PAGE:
Rena update (update 13)

13 October 2011: 7.30am

Clean-up crews tackling oil spilled on Bay of Plenty beaches from the cargo vessel Rena face a “long hard slog,” MNZ National On Scene Commander Nick Quinn said.

“There is a massive effort underway and it is only going to grow,” he said.

"We understand the anger and disbelief we're hearing from people.

"We have a huge task in front of us but I can assure you that we are on the front foot and mobilising where and when we can.

"Our focus is on recovering oil from wherever we find it and we will go in day by day until this is over.
"It's hard dirty work, but with all the agencies involved and the community pulling together, we will get this oil cleaned up," Mr Quinn said.

Mr Quinn said the response team was working to coordinate volunteer efforts.

“We are very appreciative of the volunteer support we are continuing to receive. We need to coordinate this properly to ensure we get the maximum benefit from it. Please be patient while we put systems in place to manage these teams – be assured we will be calling on you.”

Clean up

  • Clean-up teams have so far collected 50 tonnes of solid waste and 5 tonnes of liquid waste.
    Yesterday, 17 kilometres of coastline was cleaned of oil.
  • Today the coastline from Whangamata to Whakatane will be assessed by the SCAT (Shoreline Clean-up Assessment Team) to determine the areas of highest priority for cleanup.
  • The teams will then work methodically through the affected areas.
  • There is a massive operation underway today with around 500 responders on the beach.

Salvage

  • The Rena is settled on the reef. However, the vessel is moving around a little with high tides – the next one is at 9am.
  • The salvage master and the head of the MNZ salvage unit are going out at first light to do an observation flight. They will make an assessment of the vessel and a plan will be developed to get the salvage crew back on board the vessel if it can be done safely. Human safety must be the priority and no action will be taken that will put lives at risk.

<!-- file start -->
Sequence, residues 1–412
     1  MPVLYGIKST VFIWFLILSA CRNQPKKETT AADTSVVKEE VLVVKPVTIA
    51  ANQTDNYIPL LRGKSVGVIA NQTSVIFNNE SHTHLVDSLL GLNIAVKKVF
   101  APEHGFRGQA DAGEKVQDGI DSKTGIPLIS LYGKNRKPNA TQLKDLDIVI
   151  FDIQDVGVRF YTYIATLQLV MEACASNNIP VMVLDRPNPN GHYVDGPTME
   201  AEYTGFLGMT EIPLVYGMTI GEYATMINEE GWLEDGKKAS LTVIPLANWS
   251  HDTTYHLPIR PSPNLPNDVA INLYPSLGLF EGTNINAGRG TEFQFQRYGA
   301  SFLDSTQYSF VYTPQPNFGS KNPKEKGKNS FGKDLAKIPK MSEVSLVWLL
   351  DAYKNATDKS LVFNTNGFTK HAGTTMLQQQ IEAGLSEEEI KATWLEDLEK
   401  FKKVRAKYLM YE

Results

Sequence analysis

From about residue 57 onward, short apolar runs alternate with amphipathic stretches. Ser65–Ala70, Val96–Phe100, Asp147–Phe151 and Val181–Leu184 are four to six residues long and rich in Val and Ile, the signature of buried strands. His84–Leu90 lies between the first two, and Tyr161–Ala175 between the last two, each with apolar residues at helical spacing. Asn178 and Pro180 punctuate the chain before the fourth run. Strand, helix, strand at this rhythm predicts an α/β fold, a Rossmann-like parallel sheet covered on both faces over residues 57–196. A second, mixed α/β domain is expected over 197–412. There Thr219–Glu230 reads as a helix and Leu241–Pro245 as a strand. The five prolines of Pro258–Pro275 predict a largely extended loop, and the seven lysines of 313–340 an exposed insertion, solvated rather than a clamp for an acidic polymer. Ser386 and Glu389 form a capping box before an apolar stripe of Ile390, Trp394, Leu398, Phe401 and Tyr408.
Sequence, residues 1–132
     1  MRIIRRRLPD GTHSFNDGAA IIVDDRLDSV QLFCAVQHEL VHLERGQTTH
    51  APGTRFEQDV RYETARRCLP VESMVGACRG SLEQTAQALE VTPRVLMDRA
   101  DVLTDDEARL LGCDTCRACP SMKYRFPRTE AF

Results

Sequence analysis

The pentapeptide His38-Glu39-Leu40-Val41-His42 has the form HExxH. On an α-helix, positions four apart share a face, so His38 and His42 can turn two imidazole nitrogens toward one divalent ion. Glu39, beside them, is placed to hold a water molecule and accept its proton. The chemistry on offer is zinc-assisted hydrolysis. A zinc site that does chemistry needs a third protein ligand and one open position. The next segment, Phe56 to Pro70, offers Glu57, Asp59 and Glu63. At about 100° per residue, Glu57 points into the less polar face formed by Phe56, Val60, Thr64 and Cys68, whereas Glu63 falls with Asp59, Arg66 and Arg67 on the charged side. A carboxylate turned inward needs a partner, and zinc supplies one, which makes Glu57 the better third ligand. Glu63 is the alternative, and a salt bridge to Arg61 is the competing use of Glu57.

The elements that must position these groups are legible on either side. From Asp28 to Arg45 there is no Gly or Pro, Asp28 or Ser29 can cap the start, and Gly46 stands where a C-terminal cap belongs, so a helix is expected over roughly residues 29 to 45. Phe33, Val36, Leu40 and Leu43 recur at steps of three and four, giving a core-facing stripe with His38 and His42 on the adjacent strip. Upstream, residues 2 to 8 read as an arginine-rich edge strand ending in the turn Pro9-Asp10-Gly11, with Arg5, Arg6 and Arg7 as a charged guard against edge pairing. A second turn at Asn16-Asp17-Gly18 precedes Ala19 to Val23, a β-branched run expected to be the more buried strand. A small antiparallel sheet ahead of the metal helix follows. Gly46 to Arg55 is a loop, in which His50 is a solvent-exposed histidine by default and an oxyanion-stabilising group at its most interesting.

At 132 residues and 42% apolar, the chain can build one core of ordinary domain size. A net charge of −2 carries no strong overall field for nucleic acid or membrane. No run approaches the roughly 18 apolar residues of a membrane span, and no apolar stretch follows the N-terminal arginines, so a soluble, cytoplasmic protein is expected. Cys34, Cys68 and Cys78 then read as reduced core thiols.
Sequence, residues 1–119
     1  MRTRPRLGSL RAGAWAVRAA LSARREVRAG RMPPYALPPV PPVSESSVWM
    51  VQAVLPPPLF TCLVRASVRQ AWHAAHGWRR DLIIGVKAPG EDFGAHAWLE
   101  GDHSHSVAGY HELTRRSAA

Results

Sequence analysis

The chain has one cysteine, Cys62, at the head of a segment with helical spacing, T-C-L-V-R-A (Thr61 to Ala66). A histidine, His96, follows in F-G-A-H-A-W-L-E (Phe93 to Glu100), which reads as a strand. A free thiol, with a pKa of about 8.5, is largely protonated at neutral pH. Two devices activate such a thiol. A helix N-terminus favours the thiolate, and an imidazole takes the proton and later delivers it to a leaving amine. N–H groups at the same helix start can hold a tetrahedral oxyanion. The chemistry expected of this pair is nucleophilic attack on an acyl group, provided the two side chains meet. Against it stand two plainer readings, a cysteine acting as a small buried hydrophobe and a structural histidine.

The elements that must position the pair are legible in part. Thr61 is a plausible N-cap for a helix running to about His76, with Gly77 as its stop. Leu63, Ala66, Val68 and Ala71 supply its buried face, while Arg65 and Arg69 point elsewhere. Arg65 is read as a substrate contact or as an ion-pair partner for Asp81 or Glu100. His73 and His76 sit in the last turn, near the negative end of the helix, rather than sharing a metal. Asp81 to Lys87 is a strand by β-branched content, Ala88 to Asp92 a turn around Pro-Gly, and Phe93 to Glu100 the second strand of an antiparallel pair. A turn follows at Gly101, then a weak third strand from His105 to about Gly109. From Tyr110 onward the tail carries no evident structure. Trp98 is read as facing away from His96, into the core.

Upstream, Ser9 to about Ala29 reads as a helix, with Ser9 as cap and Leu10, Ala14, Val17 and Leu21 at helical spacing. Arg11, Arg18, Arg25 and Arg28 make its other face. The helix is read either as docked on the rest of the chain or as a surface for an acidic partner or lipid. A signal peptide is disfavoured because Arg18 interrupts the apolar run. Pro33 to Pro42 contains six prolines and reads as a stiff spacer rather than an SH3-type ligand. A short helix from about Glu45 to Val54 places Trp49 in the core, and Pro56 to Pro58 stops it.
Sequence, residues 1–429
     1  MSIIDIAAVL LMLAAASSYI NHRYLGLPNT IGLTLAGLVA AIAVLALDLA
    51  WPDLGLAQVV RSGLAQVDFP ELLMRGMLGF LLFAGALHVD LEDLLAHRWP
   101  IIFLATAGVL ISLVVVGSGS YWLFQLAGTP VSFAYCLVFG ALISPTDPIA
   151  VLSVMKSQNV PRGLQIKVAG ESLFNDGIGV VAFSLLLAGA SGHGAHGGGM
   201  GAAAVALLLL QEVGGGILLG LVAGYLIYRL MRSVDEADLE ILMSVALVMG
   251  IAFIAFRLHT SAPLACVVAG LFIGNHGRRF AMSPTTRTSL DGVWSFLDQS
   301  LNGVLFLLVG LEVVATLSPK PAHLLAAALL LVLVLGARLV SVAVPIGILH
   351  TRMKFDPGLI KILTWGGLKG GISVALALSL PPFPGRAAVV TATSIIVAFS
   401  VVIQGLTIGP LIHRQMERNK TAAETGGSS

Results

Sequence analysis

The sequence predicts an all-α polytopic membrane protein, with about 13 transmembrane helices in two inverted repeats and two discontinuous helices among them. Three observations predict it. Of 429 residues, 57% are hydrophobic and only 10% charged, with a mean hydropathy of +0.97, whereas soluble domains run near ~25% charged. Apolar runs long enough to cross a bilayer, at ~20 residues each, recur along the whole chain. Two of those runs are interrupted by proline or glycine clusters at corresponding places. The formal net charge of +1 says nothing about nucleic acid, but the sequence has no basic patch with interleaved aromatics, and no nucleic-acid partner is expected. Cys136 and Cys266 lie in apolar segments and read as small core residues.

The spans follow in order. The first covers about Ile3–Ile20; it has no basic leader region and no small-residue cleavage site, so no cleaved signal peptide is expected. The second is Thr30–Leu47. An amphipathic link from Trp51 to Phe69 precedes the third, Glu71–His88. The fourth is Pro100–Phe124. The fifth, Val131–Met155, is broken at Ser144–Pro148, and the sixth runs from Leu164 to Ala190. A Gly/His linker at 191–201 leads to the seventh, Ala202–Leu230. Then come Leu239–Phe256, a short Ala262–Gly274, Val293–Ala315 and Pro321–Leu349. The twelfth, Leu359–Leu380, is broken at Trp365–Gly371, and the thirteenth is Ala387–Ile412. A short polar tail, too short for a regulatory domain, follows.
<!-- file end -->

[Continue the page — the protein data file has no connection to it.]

• If we do get people on board the vessel today, two helicopters will be on standby to evacuate crew members if needed.

Criminal charges – second officer

  • The second officer will appear in Tauranga District Court this morning facing one charge laid by Maritime New Zealand (MNZ) under section 65 of the Maritime Transport Act (MTA) 1994, “for operating a vessel in a manner causing unnecessary danger or risk”.
  • The Master of the vessel was yesterday remanded on bail until 19 October on the same charge, on the condition he surrender his passport. His name is suppressed.

Wildlife

  • The Wildlife team has established a seal capture team and have five seals in captivity.
  • We have now recovered 200 dead birds and this is expected to increase significantly.
  • There are 36 teams out in the field and at the wildlife facility – we have 47 oiled animals at the rehabilitation centre.
  • The public are asked to please report dead birds, as the wildlife team will come and retrieve the birds as they need to examine them as part of their process.
  • There have been reports of people receiving phone calls from individuals claiming to be part of the wildlife response and seeking donations from the public. Please note this is NOT an official request – there are no requests for public donations for any aspect of the spill response.

Volunteers

  • Over a thousand people have volunteered to assist with the cleanup which is really heartening, as it shows just how deeply the people of the Bay of Plenty care about their environment This is hard physical labour and the fact that people are continuing to volunteer is appreciated.
  • If you want to volunteer and haven’t yet done so, please phone 0800 645 774 or through the website www.boprc.govt.nz/oilspillvolunteers. For those of you who already have volunteered and haven’t yet been contacted please be patient – we will get to you.

Public health

  • Health warnings are being issued to prepare residents for worsening smells from the oil.
  • The oil spillage on the beaches, combined with the current weather conditions, has produced in a noticeable smell in some areas. This smell is likely to diminish over a period of one or two hours from the time the oil reaches the beach.
  • Some people in the vicinity may experience some physical discomfort. They are advised to shut windows and avoid the immediate vicinity of the beaches and all immediate or secondary contact with the oil spillage.
    Anyone with concerns about the public health issues should call 0800 611 116.

Weather

  • Moderate winds and sea state forecast, with 20 knot north easterlies dropping to 10 knot westerly winds this morning and rising to 10 knots again this afternoon – 3m swells easing.
  • Fair visibility.

Public meetings today

  • 1pm Papamoa Sports and Recreation Centre
  • 6pm Mount Maunganui College Hall

For further information contact:
Maritime New Zealand Media Line
Phone 04 499 7318


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